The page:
Snohomish County Bikes: an ongoing series highlighting great bike rides across Snohomish County. Share your own great ride with us here!
Location: City of Snohomish or Arlington [Trail Map]
Distance: 44 miles
Best for: beginner to intermediate riders
Highlights: Car free, scenery, restaurants, shopping
There’s something special about a bike ride with a mid-point destination. It gives you a really tangible goal to strive for and against which to gauge your effort. Tired legs feel a little more manageable when you think “I’m almost to the halfway mark” or even better, “I’m way more than halfway done and almost home!”
Riding the Centennial Trail from Snohomish to Arlington and back (or vice versa) is a classic Snohomish County bicycle route. The 44-mile, round-trip ride can certainly be a challenge for many riders. But the trail is relatively flat, car free, and presents the opportunity for a nice break halfway through over coffee and pastries or a nice lunch at one of the cities’ downtown establishments.
When I rode this route, I parked in Snohomish and rode north and back. Coming from Seattle it made sense to park at the southern terminus of the trail rather than heading to Arlington and backtracking by bike. There is ample parking next to the trail at the Boys and Girls Club and Snohomish skatepark (402 2nd Street Snohomish). There is a port-a-potty available at the park, but no water fountains, to my knowledge.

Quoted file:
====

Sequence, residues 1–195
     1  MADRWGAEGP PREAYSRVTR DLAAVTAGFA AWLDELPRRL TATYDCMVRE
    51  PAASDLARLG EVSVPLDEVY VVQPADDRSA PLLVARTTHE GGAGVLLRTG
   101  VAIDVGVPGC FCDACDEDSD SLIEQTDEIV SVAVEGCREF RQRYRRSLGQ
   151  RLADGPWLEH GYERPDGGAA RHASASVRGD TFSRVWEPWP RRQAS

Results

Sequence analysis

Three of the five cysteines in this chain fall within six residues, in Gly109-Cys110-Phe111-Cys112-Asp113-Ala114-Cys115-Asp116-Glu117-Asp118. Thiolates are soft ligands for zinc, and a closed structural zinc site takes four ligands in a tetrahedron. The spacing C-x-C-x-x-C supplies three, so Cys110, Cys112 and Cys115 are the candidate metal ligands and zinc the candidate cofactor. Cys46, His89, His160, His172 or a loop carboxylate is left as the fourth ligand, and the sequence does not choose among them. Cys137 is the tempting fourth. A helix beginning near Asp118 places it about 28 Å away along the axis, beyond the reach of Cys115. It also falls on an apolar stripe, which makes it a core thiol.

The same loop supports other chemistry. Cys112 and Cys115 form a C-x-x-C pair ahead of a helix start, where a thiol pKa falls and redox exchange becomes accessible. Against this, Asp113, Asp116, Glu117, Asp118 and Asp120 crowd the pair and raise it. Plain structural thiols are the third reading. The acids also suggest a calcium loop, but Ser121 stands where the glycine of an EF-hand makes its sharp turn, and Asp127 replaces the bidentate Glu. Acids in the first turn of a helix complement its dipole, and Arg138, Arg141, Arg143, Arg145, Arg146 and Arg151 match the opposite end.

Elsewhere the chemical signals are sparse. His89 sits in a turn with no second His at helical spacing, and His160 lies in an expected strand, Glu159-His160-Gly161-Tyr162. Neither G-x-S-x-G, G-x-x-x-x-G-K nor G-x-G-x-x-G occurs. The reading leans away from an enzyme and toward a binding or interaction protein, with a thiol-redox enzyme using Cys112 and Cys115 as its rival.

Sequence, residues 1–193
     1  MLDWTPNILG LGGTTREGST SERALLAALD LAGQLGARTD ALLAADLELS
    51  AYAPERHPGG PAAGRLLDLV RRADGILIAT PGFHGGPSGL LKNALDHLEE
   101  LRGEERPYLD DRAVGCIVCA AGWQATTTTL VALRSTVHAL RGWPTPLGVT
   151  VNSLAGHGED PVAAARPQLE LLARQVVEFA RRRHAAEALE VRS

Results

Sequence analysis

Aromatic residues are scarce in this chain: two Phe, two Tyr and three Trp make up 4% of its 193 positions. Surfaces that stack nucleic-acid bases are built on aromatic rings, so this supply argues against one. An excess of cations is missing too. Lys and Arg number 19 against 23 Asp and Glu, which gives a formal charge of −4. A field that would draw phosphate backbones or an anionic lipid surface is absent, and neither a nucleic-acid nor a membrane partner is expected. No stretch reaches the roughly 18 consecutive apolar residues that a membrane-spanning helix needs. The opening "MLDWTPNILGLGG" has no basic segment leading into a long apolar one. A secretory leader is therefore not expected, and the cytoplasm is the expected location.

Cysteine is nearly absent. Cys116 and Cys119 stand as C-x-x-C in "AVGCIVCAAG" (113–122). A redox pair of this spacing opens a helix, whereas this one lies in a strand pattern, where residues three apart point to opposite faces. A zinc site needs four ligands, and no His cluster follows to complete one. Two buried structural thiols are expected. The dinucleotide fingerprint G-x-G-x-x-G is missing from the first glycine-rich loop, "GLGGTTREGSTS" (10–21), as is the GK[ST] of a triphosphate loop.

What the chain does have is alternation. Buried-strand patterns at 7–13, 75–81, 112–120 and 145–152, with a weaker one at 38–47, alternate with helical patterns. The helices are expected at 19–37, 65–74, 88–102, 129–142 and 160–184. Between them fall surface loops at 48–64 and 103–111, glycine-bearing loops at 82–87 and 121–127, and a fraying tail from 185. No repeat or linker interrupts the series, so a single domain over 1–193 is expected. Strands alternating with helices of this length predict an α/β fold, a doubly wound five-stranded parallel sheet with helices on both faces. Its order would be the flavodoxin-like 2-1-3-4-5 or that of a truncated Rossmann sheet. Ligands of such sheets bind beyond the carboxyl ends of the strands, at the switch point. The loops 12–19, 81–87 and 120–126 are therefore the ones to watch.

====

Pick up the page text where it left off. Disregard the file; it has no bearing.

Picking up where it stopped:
Leaving from Snohomish, the trail immediately crosses four or five roads in the first mile. This initial stop and go is a little frustrating, but gives way to long open stretches of trail with no road crossings afterwards. In fact, those long stretches of uninterrupted trail are one of the Centennial’s greatest features. Cruising along for miles without concern for cars is a wonderful experience that amplifies the already-relaxing experience of riding a bike.
The trail winds its way past old-fashioned farms with horses and cows out to pasture, through green forests, along the Pilchuck River and Little Pilchuck Creek at times. On a clear day, the trail offers the occasional views of the North Cascades looming in the distance. It is a diversity of scenery that helps keep things fun and interesting as you pedal your way down the trail.
As with all rail-trails, the Centennial is mostly flat. There were times when the trail trended noticeably up or down hill, but it’s never enough to really be considered a climb or descent.
I was, unfortunately, pressed for time the day I did the route and didn’t have a chance to grab a proper
lunch at the halfway point in Arlington. Instead I just topped off my water bottles in Arlington’s Legion Park, through which the trail cuts, enjoyed a quick Clif bar (“enjoyed” is perhaps too strong a word for bike food) on a park bench, then turned around and headed back the way I came.
I made it back to my car about 3 ½ hours after leaving. With a speed limit of 15 MPH and plenty of families, dogs, and other bikers out on nice days, the Centennial encourages a relaxing pace, not race pace.
After a quick change back into street clothes, I made my way to the Snohomish Bakery for a post-ride pastry and latte. Caffeine, sugar, and buttery calories are never so satisfying as when consumed after a great bike ride.
Josh Cohen is a freelance writer, editor of The Bicycle Story and a contributing author to the newly released Cycling Sojourner: a Guide to the Best Multi-Day Tours in Washington.
Top photo of art bike by the Centennial Trail is courtesy of Debora Nelson.